The play received a transcendent Chicago premiere in 1984 at the old Body Politic, and now "A Life," with Daniel J. Travanti as its star, has returned to open the season for Irish Repertory (in the same second-floor space at Victory Gardens Theater where the Body Politic production was presented).
Travanti, his body tightly wound and his face expressing a perpetual state of dyspepsia, portrays Drumm, trying to sum up his life as he nears retirement and faces some distressing medical news. Brigid Duffy, soft and endearing, is his devoted wife Dolly, who cheerfully accepts his patronizing airs.
The other couple, estranged from Drumm for six years, consists of Mary (Deanna Dunagan), a lively, spunky woman who years ago had rejected Drumm's crosspatch ways and married Kearns (Ray Wild), the amiable, incompetent layabout who adores her.
The play unfurls in the wake of Drumm's visit to his doctor. Wanting to clear up any problems in his life, he arranges to make a conciliatory visit with Dolly to Mary and Kearns. But the meeting, far from clearing the air, stirs up old animosities and brings to the surface some ugly truth of his past.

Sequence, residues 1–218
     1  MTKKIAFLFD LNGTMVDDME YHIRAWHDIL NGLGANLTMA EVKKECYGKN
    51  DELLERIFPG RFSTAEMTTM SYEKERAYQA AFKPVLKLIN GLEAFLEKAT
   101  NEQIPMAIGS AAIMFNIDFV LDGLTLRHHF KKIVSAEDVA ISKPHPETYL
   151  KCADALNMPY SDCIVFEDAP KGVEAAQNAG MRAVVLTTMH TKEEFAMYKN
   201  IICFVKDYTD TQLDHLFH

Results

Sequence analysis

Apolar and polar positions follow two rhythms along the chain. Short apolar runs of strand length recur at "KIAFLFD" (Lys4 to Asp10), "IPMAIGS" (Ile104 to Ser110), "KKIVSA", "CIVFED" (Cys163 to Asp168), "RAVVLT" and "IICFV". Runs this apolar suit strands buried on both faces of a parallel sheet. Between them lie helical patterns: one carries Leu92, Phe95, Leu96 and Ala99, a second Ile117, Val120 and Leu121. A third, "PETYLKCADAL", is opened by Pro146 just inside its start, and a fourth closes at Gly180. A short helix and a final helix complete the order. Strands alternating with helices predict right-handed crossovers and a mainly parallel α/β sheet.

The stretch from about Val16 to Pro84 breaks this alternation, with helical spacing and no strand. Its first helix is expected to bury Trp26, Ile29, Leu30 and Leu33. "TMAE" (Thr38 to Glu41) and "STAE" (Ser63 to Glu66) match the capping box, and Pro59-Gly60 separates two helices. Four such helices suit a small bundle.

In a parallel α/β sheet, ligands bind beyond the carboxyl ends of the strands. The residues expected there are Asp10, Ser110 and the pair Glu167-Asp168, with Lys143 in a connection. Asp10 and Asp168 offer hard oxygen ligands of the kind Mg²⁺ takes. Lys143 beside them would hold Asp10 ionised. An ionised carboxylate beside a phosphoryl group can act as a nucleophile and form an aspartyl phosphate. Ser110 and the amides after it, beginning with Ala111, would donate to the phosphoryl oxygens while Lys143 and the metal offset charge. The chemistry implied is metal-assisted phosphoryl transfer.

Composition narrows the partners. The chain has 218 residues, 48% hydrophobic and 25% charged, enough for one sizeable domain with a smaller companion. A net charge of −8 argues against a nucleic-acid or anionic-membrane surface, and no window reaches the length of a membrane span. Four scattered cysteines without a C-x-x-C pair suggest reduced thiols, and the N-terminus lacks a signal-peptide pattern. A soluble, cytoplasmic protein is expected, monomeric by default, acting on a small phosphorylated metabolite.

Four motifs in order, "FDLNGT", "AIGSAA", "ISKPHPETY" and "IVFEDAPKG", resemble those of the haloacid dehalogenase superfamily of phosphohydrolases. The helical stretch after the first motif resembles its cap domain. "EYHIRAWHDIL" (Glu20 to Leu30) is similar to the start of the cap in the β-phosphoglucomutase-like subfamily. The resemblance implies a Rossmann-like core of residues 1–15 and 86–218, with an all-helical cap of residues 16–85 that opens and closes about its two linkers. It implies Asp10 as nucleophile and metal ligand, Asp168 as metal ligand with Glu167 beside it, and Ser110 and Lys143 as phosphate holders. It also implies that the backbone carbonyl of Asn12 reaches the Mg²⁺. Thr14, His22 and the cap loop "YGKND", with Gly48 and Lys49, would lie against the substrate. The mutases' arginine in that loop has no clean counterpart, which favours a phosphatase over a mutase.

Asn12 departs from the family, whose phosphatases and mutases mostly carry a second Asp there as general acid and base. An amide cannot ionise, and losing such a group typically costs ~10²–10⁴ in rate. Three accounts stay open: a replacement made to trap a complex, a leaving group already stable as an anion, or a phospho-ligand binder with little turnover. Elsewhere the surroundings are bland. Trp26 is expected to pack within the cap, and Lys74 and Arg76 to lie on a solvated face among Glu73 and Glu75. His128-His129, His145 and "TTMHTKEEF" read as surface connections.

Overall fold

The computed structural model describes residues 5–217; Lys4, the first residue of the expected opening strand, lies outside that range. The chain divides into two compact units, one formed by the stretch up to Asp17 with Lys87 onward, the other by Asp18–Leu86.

Along with this story set in 1977, the play flashes back 40 years to show how Drumm, Dolly, Mary and Kearns got that way, in the days when all four of them were young and their lives were not yet set.
Director Richard Block deftly wends his way through these time changes, with the aid of the rise and fall of Lynne Koscielniak's lighting design
Thanks to the skills of his four younger actors Brian J. Gill, Alyson Green, Blaine D. Vedros and Kristina Martin he also is able to mirror details of gesture and vocal patterns between the two couples. Gill as the intense young Drumm and Green as the fiery young Mary are splendid in suggesting the physical and psychological traits that Travanti and Dunagan embody in their later years.
At this stage, the senior actors still seem tentative and a tad self-conscious in their Irishness. Travanti and Dunagan sometimes are a beat behind in their reactions; and Wild is all bluff and hail fellow, not evoking enough of Kearns' vulnerability.
It's a rich, full "Life," partially realized in this production.